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HLTB21H3 (200)
Lecture 6

Lecture 6 Notes.


Department
Health Studies
Course Code
HLTB21H3
Professor
Caroline Barakat
Lecture
6

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HLTA031H3: Plagues and People
Tuesday, June 21 2011
Lecture SIX
Lectures 1-6 are on the midterm.
Origin:
-Old world
disease, and
indiscriminate disease.
-Other related
diseases to small pox
-With
domestication it may
have been behind the
origins
-10 000 BCE
, first agricultural
settlements in NE
Africa and spread to
India by means of
merchants
-(earliest
evidence on Egyptian
mummies , Pharoh
Rames V (1156 BC)
pockmarks
-Mentioned in
ancient texts of India ,
and China
-100 AD – plague
of Antonine (may have
to do with small pox)
decline of the Roman
Empire
-In England and
Europe it became a
serious disease in
England (16th), and
frequent epidemic
during Middle Ages
Effects of Smallpox
Plague of
Antonine
Introduced to the
new world in the 16th
century fall of the
empire of the Aztecs
and the Incas (191-192)
Contributed to
the settlement of N
America by the French
and English (1617)
(eastern cost , because
native people died
because of the
introduction of the
disease)
Biological
warfare: French-
Indian War (1754-1767)
deliberate use of
smallpox; using
blankets to get rid of
Indians.
Slave Trade :
American-Indians were
working for people ,
labour force had to be
supplemented because
American-Indians were
susceptible towards
small pox; this led way
for columnists to bring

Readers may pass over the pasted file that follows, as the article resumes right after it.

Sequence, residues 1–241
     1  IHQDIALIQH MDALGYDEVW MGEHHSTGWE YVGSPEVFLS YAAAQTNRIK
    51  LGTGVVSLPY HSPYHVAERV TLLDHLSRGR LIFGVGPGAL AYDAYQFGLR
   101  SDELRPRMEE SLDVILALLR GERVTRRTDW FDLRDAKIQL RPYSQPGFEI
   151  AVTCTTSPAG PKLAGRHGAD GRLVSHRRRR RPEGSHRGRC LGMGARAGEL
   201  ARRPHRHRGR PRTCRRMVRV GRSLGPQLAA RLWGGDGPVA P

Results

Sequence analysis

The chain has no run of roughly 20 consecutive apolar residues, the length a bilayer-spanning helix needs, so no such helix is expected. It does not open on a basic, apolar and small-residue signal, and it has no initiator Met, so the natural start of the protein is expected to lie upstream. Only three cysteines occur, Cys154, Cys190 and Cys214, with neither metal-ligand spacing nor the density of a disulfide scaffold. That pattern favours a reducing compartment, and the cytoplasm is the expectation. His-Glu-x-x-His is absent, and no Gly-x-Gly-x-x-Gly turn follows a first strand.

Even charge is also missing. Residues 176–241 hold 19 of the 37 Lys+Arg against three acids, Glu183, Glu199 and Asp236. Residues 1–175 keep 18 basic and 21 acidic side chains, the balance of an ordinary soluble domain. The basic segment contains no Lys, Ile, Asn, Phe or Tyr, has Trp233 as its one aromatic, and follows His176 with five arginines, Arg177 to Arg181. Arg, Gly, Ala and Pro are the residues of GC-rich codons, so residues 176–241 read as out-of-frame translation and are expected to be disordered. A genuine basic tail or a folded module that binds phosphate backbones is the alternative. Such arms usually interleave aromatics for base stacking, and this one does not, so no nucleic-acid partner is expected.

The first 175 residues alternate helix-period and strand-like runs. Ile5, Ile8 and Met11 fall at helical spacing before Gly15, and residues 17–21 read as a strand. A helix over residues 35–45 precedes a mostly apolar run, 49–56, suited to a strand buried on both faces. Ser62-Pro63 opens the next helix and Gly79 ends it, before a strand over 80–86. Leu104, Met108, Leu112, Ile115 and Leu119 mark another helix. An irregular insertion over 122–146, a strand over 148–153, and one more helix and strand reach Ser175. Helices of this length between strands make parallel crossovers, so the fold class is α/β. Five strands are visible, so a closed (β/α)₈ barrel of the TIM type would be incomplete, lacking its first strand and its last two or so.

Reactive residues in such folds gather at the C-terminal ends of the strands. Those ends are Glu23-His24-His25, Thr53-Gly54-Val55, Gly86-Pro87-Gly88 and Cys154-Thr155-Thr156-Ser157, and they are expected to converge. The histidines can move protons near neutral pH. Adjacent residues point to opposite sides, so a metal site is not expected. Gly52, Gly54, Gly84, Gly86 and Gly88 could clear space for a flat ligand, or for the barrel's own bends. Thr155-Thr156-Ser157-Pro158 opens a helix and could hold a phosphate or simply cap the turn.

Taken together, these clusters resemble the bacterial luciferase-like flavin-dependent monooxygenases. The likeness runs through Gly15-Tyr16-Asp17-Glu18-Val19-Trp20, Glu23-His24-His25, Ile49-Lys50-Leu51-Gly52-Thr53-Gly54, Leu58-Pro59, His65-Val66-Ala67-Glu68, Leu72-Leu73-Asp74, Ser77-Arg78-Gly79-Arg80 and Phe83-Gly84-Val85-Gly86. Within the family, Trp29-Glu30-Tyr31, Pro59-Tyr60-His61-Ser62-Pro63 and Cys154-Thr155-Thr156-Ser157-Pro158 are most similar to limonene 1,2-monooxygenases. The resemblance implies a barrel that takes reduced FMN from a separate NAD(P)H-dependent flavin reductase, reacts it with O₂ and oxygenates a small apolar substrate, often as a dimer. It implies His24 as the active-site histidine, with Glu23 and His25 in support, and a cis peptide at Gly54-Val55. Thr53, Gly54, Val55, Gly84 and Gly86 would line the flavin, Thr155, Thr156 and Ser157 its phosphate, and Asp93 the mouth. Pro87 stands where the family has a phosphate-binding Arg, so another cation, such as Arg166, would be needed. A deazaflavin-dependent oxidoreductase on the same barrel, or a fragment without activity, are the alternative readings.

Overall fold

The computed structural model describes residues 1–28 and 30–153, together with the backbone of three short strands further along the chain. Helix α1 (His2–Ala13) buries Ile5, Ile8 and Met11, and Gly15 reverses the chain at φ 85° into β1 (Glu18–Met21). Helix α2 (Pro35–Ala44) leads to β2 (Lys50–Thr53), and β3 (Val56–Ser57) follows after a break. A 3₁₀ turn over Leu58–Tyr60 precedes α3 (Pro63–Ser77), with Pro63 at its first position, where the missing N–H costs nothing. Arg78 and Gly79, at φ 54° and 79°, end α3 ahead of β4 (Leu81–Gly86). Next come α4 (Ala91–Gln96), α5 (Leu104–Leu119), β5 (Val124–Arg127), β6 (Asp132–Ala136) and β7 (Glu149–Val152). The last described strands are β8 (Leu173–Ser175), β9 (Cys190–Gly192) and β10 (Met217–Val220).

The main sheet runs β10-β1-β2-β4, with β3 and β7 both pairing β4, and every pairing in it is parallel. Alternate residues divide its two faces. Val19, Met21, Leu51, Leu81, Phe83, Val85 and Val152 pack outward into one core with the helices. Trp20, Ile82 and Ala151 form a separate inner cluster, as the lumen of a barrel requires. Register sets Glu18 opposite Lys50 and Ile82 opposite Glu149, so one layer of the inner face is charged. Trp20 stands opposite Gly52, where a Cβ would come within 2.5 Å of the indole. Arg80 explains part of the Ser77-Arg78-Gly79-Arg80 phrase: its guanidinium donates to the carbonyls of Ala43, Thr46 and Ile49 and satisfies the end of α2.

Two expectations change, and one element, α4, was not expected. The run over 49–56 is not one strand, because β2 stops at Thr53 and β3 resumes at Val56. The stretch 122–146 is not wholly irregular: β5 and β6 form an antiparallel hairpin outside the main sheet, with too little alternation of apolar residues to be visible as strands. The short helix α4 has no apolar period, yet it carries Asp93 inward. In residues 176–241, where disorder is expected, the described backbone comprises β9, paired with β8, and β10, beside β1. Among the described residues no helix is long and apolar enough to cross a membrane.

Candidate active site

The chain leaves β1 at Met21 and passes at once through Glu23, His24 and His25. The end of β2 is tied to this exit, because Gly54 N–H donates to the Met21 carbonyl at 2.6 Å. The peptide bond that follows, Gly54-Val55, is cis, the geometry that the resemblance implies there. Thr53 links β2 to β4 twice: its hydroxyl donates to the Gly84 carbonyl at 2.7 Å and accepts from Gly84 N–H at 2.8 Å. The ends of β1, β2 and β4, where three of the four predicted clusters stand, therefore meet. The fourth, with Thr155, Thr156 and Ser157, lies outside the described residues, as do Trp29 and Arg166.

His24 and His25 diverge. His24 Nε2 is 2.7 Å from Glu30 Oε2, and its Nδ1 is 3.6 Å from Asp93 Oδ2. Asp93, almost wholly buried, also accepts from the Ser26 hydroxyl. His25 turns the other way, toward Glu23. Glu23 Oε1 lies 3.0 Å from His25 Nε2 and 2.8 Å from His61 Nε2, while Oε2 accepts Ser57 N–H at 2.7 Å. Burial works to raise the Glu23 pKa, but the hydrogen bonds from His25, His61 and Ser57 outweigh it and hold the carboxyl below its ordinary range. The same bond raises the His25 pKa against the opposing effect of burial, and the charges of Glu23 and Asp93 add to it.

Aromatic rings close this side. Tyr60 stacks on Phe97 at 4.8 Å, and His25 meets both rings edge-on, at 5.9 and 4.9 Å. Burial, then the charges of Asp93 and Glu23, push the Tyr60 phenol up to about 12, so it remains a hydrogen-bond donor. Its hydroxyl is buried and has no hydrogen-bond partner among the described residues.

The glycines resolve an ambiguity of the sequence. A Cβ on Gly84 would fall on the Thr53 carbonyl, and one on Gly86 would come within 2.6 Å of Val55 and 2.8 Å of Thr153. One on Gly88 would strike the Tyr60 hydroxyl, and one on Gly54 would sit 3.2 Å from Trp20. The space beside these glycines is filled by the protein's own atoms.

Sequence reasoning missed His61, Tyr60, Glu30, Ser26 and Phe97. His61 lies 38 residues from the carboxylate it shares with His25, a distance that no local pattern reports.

in African Americans
(this FURTHER ,
brought new cases
because it was an
epidemic in Africa)
Etiology:
Large virus :
Genus-
Orthopoxvirus , family
Poxviridae
200 genes , 35 of
them are virulent
Common Name :
Variola Virus
Variola Major :
more virulent ;
mortality 30 percent,
or higher 3 % in
vaccinated.
Variola Minor :
less severe form of
small pox ; mortality
2%Orthopoxvirus :
monkeypox,cowpox,
camelpox,chickenpox,
and ectromelia (mouse
pox)
Zoonotic
(monkey) is very
similar to small pox
Hemorrahigic
small pox or black
pox : internal bleeding
into all internal
organs ; mortality 95%
; may develop in 5 to
10 % of infected
individuals
TRANSMISSION
-continuous
transmission
required
-short term
carriers
-animal
reservoirs
do not exist
(only
human to
human
-Direct
Contact :
inhalation
of aerosols
or
contaminate
d objects
-Virus
multiplies
in the
mucous
membrane
of the
mouth and
nose =
lymph
nodes =
internal
organs= re-
enters the
blood
stream
-Infectious
virus :
aerosol
secretion
and in skin
scabs.
-Potential for
long-
distance
aerosol
spread is
controversia
l.
-virus is
viable up to
2 days
outside
human
-transmissio
n on objects
, can only
live for
TWO
DAYS.
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